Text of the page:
Pumpkin, Winter Squash 'Seminole Pumpkin'

Cucurbita moschata

Family: Cucurbitaceae (koo-ker-bih-TAY-see-ee) (Info)
Genus: Cucurbita (koo-KER-bih-ta) (Info)
Species: moschata (MOSS-kuh-ta) (Info)
Cultivar: Seminole Pumpkin
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Pumpkin (winter)


18-24 in. (45-60 cm)


8-10 ft. (2.4-3 m)

Days to Maturity:

91 to 100 days

Mature Skin Color:



2 to 3 pounds (1 to 2 kg)



Disease Resistance:

Powdery Mildew (PM)

Seed Type:

Open Pollinated

Other details:

Unknown - Tell us

Soil pH requirements:

5.6 to 6.0 (acidic)

6.1 to 6.5 (mildly acidic)

6.6 to 7.5 (neutral)

Propagation Methods:

From seed; direct sow after last frost

Seed Collecting:

Allow unblemished fruit to ripen; clean and dry seeds

Foliage Color:

Unknown - Tell us

Bloom Characteristics:

This plant is attractive to bees, butterflies and/or birds

Water Requirements:

Average Water Needs; Water regularly; do not overwater

Where to Grow:

Unknown - Tell us


This plant is said to grow outdoors in the following regions:

Deland, Florida

Fort Lauderdale, Florida

Fort White, Florida

Longwood, Florida

Orange Springs, Florida

Orlando, Florida

Ormond Beach, Florida

Madison, Mississippi

Glendale, Utah

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Gardeners' Notes:


On Jun 20, 2014, Michaelp from Piney Flats, TN (Zone 7a) wrote:

This is my favorite winter squash, it is of good quality, prolific , and keeps longer then the others. I had one on my desk for 8 months, and it was still good. It will produce for me when all others fail, it will root where ever the vines touch damp earth, it is resistant to powdery mildew, and defeats the bugs by out running them.


On Aug 24, 2010, sazji from Istanbul,
Turkey wrote:

I grew 6 varieties of winter squash this year and for productivity, it's a tie between this one and "Bungkan." I have a dead apricot tree and having heard about its climbing abilities, I planted "Seminole" in a deep raised bed with enriched soil at the base of the tree. It needed a little help but once it got to a point where there was always something to grab onto, it climbed high into the branches. Contrary to what I've read, the developing fruits have not pulled the vines out of the tree at all. It was a bit late to start producing female flowers but seemed to appreciate our unusually long bout of heat and high humidity. The first fruit set is now maturing; even the unripe ones are extremely hard; the fingernail test is definitely no good for this one.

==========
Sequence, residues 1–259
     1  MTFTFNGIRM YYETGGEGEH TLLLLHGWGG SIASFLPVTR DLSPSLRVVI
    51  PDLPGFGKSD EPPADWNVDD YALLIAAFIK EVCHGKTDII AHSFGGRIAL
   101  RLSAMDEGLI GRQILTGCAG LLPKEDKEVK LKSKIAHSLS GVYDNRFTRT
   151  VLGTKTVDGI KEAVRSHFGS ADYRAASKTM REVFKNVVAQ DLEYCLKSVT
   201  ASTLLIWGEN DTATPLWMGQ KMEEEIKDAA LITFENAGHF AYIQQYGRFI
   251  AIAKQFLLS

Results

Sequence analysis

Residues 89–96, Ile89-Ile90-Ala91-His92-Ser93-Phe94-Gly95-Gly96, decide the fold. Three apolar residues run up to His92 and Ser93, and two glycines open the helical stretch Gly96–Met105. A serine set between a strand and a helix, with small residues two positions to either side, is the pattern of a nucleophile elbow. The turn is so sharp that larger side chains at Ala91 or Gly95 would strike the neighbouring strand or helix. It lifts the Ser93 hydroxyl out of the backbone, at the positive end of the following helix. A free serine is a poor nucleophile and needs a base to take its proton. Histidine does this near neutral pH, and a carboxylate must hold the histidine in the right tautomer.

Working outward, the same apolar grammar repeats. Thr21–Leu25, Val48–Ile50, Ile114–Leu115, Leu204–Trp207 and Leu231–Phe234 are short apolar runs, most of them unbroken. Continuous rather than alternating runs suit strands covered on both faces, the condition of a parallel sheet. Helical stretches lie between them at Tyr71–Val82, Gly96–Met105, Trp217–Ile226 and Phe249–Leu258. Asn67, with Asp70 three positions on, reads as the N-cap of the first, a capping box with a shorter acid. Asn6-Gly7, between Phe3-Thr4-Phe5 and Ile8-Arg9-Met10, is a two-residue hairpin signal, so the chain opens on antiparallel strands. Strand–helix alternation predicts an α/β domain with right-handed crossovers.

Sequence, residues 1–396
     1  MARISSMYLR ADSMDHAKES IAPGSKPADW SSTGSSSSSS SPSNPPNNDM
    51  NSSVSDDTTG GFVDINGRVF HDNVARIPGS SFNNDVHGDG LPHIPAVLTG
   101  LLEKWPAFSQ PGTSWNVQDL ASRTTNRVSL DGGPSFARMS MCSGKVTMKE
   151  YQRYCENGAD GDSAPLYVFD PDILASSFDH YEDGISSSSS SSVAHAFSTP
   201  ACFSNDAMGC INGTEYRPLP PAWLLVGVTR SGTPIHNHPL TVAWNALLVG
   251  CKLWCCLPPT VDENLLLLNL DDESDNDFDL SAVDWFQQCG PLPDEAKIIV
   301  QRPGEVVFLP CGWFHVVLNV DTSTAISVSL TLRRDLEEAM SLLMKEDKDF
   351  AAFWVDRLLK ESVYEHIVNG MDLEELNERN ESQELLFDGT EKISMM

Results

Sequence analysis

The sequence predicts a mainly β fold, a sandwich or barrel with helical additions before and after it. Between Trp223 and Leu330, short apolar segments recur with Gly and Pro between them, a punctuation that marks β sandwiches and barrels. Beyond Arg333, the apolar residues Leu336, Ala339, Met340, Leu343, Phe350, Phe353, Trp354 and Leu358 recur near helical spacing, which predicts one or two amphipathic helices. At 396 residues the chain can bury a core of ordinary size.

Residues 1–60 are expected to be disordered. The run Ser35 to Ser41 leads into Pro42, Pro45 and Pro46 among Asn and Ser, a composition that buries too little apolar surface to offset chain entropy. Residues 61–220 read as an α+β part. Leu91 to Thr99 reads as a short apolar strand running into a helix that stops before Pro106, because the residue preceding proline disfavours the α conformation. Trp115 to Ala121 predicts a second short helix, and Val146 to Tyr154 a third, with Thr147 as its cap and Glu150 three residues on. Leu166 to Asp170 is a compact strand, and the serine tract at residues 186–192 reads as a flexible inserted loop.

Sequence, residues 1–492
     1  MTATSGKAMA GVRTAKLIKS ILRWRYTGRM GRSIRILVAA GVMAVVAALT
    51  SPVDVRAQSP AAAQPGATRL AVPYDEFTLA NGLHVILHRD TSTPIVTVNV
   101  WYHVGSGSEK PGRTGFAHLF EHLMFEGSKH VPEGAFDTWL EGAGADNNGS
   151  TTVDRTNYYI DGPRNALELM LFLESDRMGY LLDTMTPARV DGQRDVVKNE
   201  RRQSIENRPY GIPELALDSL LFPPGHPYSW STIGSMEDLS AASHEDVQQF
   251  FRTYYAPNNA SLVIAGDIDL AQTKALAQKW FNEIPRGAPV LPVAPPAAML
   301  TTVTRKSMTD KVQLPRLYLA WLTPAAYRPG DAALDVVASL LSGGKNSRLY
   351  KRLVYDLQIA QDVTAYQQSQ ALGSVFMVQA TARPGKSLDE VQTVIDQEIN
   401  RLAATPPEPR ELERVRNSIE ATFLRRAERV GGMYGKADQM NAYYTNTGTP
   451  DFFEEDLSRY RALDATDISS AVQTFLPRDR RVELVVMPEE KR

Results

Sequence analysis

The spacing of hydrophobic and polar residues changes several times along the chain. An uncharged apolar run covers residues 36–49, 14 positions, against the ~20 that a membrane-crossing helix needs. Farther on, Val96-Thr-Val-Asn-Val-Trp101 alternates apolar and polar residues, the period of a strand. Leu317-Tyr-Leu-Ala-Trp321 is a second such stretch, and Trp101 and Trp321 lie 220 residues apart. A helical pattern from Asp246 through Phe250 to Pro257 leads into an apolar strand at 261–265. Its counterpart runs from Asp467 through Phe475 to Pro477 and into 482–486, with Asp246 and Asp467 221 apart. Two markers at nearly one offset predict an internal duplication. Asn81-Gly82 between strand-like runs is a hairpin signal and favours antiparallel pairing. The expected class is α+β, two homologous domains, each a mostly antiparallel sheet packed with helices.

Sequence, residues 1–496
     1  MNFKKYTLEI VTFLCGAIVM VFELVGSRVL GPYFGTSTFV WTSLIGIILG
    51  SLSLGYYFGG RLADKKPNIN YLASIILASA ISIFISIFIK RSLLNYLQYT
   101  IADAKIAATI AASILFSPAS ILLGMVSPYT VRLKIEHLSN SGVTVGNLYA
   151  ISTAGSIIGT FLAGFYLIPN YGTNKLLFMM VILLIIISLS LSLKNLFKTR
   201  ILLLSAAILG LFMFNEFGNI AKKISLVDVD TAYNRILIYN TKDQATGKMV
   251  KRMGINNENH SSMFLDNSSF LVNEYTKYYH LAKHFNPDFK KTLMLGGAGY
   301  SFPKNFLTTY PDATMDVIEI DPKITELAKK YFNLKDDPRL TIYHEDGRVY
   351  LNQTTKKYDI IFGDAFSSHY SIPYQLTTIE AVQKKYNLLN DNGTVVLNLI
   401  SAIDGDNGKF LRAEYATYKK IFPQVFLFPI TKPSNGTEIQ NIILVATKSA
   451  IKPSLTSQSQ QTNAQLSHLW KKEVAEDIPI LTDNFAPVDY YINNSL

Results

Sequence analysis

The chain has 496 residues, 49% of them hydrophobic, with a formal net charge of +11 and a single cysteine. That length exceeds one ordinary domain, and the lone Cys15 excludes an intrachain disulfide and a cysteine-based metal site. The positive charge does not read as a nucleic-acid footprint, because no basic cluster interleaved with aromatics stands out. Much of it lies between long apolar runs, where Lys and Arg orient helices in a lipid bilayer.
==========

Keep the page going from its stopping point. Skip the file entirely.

On May 19, 2009, Laflora from DeLand, FL (Zone 9b) wrote:

The vine was a vigorous grower that withstood high summer in Florida, but it didn't produce many fruits. I had to hand-pollinate just to get a few, even though my yard attracts a decent collection of pollinators. I had to harvest my few fruits at the green stage because a freeze was coming in. The harvested squash remained good longer than any squash I've ever grown or bought -- at least a couple of months. The taste was very mild, almost bland. I'd try this one again, to see if I can get more fruit and a more intense flavor if vine-ripened. I'm wondering if different seed sources would produce different results for this heirloom.


On Jan 24, 2005, Farmerdill from Augusta, GA (Zone 8a) wrote:

The wild squash of the Everglades. The round, lightly ribbed 3 lb. squash have tan skin. The sweet flesh is deep orange, dry and of good quality. The productive vines are resistant to insects and disease. Found growing wild in Florida by the early settlers, it can now be only found in remote parts of the Everglades.